Handshake family naturalisation halted

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The boys’ exemption from shaking hands with their teachers has been criticised

Switzerland has suspended the citizenship process for the family of two teenage Muslim brothers who refused to shake hands with female teachers.

The brothers aged 14 and 15 said physical contact with women who were not family members was against their faith.

Officials in Therwil then told them not to shake male teachers’ hands to avoid gender discrimination.

But politicians insisted that shaking hands was part of the national culture.

The case has sparked a debate about religious freedoms, and the Basel-Country canton has requested an expert legal opinion on the matter.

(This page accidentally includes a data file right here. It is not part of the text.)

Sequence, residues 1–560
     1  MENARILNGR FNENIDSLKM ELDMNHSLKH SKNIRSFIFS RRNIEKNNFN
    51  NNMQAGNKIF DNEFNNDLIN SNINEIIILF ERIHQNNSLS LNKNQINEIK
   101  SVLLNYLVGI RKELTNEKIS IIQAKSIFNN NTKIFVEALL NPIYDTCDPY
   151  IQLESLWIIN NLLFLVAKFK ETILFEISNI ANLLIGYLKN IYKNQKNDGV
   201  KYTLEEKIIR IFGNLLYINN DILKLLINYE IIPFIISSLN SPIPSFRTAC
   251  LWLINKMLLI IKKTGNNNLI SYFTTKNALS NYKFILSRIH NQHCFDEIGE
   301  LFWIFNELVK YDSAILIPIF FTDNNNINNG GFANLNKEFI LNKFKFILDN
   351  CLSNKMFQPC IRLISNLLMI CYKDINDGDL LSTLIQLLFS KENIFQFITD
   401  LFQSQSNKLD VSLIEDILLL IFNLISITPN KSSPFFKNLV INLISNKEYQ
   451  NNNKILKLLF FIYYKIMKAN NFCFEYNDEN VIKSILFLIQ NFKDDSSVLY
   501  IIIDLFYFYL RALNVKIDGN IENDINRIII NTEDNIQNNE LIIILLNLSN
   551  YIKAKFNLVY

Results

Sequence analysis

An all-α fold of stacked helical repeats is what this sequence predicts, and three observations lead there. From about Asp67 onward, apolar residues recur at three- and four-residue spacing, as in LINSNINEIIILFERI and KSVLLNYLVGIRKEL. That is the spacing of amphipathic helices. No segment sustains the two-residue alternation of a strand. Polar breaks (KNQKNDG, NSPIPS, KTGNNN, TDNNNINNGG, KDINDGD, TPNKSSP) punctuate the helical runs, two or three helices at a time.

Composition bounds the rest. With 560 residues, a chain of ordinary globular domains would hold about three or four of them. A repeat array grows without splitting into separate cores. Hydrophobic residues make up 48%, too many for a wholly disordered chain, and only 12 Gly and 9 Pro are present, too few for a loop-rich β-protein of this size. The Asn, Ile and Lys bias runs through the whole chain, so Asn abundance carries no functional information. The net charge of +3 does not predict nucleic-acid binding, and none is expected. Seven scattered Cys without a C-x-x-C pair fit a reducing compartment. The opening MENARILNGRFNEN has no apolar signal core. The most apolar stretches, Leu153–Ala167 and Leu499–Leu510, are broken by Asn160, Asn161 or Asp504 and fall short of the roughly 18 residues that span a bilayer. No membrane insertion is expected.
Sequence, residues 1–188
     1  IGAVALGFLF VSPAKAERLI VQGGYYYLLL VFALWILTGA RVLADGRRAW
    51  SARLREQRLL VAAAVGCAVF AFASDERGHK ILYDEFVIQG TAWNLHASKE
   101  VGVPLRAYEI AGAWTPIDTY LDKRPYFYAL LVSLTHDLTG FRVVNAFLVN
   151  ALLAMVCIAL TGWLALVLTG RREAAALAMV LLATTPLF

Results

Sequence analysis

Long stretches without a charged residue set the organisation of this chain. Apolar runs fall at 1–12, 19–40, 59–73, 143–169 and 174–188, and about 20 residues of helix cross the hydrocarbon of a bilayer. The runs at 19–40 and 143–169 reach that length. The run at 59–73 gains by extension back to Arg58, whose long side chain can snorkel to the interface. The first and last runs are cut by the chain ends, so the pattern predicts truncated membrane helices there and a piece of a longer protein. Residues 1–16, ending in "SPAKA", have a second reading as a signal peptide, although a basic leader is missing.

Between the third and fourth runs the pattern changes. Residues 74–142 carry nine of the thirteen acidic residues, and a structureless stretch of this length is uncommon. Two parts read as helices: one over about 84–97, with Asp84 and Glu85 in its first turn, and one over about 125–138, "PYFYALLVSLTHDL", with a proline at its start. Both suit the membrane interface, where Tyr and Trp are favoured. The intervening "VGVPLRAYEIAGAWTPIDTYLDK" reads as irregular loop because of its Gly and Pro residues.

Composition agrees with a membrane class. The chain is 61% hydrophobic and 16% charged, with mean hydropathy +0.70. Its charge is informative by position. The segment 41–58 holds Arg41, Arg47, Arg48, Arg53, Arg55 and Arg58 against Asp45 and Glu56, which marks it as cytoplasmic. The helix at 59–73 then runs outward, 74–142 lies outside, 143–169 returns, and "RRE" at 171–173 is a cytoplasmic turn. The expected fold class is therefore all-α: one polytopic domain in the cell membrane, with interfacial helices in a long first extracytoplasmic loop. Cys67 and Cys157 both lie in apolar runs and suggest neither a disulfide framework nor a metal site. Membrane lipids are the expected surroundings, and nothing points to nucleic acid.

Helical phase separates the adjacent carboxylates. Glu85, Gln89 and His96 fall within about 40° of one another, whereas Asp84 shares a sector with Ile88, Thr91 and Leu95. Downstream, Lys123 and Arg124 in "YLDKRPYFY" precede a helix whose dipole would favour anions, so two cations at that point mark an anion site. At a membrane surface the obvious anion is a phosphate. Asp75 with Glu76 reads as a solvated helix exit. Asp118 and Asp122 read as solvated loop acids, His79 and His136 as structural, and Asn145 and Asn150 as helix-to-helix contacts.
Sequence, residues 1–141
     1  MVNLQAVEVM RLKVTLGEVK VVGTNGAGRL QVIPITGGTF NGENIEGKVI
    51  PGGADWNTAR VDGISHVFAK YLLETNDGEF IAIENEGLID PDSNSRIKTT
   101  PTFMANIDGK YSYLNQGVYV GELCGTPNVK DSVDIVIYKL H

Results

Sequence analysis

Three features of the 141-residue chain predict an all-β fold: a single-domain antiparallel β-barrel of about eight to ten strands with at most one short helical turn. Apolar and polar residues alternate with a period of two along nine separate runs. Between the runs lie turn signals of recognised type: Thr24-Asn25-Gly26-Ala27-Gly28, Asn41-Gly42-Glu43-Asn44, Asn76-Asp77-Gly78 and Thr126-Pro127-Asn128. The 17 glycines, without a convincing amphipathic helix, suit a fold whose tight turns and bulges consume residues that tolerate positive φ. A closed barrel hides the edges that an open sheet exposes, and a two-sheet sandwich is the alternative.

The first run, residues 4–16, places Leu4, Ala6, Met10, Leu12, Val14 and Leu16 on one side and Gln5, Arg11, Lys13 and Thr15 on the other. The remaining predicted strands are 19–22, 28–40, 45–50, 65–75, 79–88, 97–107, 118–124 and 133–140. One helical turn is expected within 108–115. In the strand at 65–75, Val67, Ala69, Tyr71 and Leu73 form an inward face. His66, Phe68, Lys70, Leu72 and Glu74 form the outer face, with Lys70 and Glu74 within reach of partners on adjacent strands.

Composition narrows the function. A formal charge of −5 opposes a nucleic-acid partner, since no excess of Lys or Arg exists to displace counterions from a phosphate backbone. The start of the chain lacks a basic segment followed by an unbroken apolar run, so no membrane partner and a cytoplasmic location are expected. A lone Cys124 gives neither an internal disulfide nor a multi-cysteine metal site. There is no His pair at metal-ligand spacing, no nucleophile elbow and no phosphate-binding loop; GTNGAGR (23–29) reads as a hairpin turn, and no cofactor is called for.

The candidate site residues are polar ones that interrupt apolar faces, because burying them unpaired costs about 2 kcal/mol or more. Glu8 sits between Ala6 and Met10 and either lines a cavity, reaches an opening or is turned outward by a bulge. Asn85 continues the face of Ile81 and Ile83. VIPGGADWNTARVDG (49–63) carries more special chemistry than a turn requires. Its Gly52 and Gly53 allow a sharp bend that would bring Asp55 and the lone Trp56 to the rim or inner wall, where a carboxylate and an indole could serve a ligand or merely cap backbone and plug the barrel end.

A spokesman for the canton said naturalisation proceedings for the family had been put on hold, but added that such suspensions were common in citizenship procedures.

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The boys’ father is a Syrian imam who moved to Switzerland in 2001 and was granted asylum.

Basel’s migration office was seeking more information about the circumstances under which the father’s asylum request was approved, AFP news agency reported.

There are about 350,000 Muslims in Switzerland, which has a population of 8 million.

Some Swiss Muslim groups said there was no religious justification for refusing to shake a female teacher’s hand and urged the Swiss not to give in to extremist demands. But one Islamic organisation said a handshake between men and women was prohibited.

There have been similar disputes where Muslim parents have demanded that their daughters be exempt from swimming lessons.

However, Muslim families have won court victories against schools that attempted to ban the full face veil.

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